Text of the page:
So, download it and give the basic rules a read. It will be 10 minutes well spent. Many thanks to Randall over at RetroRoleplaying: the Blog for putting it all together. Be sure and go by his blog, he has a ton of great stuff on offer, not to mention insightful commentary on gaming and the OSR.

Searchers of the Unknown

Dungeon Crawl Classics: Initial Impressions

I just downloaded the Beta Rules (available here). I haven’t had time to do more than skim through it, but I did want to post my early impressions.

I sincerely hope this game is as much fun as it looks. This is possibly the most evocative art I have ever seen. Almost every single piece makes me want to grab a sword, staff, holy symbol, lockpick set, or bag of dice. Or maybe all of the above. Reading this I feel almost like I’m in high school again and can’t wait to get together with John, my gamer buddy, and play all night long.

The interior art is provided by no less than the  luminaries from the glory days, such as:

Jeff Easley,  Jim Holloway, Diesel Laforce, Erol
Otus, and Jim Roslof. Even the “whippersnappers” possess the old school aesthetic.

Finally (for this initial impression), I want to mention pg 4. In the ToC it is listed as “Proclamations”. It is a really cool manifesto, which opens with the following:

So, I deeply hope this game lives up to the initial impression it has made on me. If so, it could be my holy grail, the Way-back Machine that will take me back to the halcyon days of the beginning of this hobby for me. A time of wonder and mystery, discovery and exploration unequalled in the many years since.

More to love about OSH

I’m trying not to turn into a raving fanboy, but posts like this make it difficult. For a few months it has been nagging at my mind that to-hit bonuses are not the carrot I always thought they were. I love playing fighters, so to-hit bonuses were the bread-and-butter to my character growth (along with hit points, those being the only things a fighter gets for leveling, oh, and better saves).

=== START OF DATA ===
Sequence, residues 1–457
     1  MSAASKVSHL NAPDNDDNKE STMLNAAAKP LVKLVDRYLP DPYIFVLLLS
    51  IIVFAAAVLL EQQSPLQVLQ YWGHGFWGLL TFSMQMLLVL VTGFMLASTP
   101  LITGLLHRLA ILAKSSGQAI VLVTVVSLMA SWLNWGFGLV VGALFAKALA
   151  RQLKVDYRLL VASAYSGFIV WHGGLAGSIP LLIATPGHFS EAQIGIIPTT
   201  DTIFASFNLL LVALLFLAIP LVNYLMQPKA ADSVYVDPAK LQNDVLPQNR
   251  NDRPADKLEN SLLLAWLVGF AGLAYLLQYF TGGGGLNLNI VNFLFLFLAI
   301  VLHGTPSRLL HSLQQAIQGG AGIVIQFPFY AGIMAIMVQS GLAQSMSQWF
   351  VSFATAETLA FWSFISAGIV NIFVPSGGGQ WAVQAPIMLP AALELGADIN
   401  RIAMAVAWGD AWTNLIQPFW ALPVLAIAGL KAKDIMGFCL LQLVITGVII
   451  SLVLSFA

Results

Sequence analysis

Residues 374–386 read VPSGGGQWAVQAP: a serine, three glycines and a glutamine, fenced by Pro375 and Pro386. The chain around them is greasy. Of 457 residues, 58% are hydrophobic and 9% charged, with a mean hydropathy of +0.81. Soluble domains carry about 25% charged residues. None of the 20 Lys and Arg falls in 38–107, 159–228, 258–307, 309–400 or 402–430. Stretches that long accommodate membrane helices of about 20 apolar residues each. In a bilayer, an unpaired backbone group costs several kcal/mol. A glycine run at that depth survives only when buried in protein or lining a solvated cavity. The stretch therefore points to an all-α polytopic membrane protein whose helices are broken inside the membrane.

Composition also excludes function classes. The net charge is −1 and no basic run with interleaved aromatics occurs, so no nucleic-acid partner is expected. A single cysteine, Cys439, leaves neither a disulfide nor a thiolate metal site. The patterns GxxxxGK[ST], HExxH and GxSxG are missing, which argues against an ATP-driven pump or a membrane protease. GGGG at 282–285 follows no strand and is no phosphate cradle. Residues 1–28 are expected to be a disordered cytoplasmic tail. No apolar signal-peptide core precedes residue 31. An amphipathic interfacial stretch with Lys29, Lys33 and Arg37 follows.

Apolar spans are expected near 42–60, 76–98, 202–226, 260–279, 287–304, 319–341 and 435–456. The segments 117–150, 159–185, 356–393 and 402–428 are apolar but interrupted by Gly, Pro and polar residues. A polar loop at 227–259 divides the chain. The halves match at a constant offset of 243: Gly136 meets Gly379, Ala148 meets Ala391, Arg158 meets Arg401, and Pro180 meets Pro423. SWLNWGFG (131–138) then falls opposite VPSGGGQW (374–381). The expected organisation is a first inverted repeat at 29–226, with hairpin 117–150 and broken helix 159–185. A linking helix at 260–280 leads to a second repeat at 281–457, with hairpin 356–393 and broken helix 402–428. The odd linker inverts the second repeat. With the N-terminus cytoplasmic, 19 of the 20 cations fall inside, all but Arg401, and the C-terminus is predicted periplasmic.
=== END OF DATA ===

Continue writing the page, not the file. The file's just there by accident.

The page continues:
A lot of digital ink has been spilt over lengthy D&D combats and that is, in fact, a major selling point for any game comparing itself to D&D, including inter-edition in-fighting. At some point it started dawning on me that combats take so long because to-hit numbers don’t really change. Creature AC gets more challenging almost in lock-step with the character’s ability to successfully engage more powerful creatures. The thing that doesn’t scale, especially from the character perspective, is damage output. HP go thru the roof, eventually, for characters and creatures. So, when the chance to hit remains fairly constant, damage output remains fairly constant, and HP scale upward with level, combats will get longer and longer. It’s simple math.

Old School Hack breaks that paradigm. Hit Points not only start stressfully low, they stay there. The chance of hitting an opponent does not scale with level. Fighters get a one-time +1 to hit, by virtue of being fighters. Fighters also have the intrinsic ability to cause an extra point of damage. To someone who is more familiar with later editions of the game I’m sure those “bonuses” aren’t worth the graphite it would take to write them on your character sheet. To old school gamers and devotees of a more reasonable power curve, those bonuses are sweet indeed.

This does raise a question, though. Once the characters pass into the 5-8th level tier, and 9-12th beyond that, I wonder if there will be Talents introduced to increase survivability. Personally, I would like to see some that affect an enemy’s hit chance, without having crazy AC numbers. I know shields soak damage, so maybe enchanted shields that can soak more than normal. There is also the use of APs to soak damage, but that is “expensive”. Some sort of Dodge talent or the like would be good. Just something to get the fighter more comfortable with being on-point heading into the dragon’s lair.

Old School Hack Further Thoughts

There were a few things I didn’t get into my review, and a few things that a re-read and further thought have brought to mind.

  • Movement Between Arenas